Our blood contains red blood cells, and these are made of haemoglobin molecules. Glucose in our blood sticks to the haemoglobin to make what is known as ‘glycosylated haemoglobin’ molecules, which are also described as haemoglobin A1C or HbA1C. The higher the levels of glucose that there are in the blood, then the more haemoglobin A1C or HbA1C will be present.
Red blood cells have a life cycle of somewhere between 8 -12 weeks before they are replaced. When we measure our HbA1C it will tell you how what your blood glucose level has averaged over those previous 8-12 weeks. A non-diabetic HbA1C reading is between 3.5-5.5%, whereas in diabetes patients, good blood sugar control is considered about 6.5%.
The HbA1C test is presently one of the best indicators to determine whether or not a diabetic is keeping their diabetes under control. It usually involves the giving of a blood sample that requires analysis by a laboratory. It needs to be remembered that the HbA1C is not the same as the glucose level, as many may confusingly believe. The glucose/HbA1C numbers which are considered good diabetes control are similar at lower levels, and diverge the higher the two readings are. For example, an HbA1c of 7% means the average glucose level was 8mmols/l, and at higher levels, an HbA1c level of 10% means the average glucose level for the previous 10 weeks was 13mmol/l.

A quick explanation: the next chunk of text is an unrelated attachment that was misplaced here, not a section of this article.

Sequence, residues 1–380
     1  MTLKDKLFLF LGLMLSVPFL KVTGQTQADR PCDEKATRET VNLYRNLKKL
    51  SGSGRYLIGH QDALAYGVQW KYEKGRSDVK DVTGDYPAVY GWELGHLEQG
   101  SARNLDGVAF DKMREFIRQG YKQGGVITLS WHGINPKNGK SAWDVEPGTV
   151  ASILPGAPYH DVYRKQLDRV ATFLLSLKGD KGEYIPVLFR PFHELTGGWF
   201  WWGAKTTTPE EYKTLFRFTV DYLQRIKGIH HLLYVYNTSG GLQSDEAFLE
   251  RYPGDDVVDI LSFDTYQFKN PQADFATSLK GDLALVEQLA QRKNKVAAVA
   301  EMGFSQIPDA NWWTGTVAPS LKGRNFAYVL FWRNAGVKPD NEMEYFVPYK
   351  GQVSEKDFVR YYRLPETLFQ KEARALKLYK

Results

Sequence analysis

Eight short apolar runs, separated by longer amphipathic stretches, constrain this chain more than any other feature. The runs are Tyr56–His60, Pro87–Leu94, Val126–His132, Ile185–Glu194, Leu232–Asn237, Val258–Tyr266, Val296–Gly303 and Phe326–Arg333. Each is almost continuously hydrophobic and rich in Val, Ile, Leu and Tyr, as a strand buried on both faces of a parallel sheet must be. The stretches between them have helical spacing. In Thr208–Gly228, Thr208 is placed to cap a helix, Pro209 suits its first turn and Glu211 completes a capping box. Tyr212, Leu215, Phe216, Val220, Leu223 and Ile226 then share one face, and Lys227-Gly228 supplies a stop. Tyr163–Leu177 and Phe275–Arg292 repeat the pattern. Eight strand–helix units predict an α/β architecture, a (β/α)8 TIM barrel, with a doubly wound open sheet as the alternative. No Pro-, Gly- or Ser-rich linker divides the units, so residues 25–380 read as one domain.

If your most recent reading is over 7% and you’re health is generally good, you should aim to achieve a lower level as soon as possible. This assumes you make the appropriate changes required to improve your overall blood sugar control. Your HbA1C level can be a predictor for the likelihood of diabetic complications.
Blood glucose levels can fluctuate at any time, whether its by the minute, by the hour, or by the day. For control by the hour or by the day, you should use your glucose level as the best guide. Because the HbA1C level only changes slowly, (over 8-12 weeks) it is better used as a ‘quality of blood sugar control’ test.
The glucose levels in diabetics can rise more than usual, often dropping after exercise, increasing after food, and again even moreso after sweet food, making it very hard to control.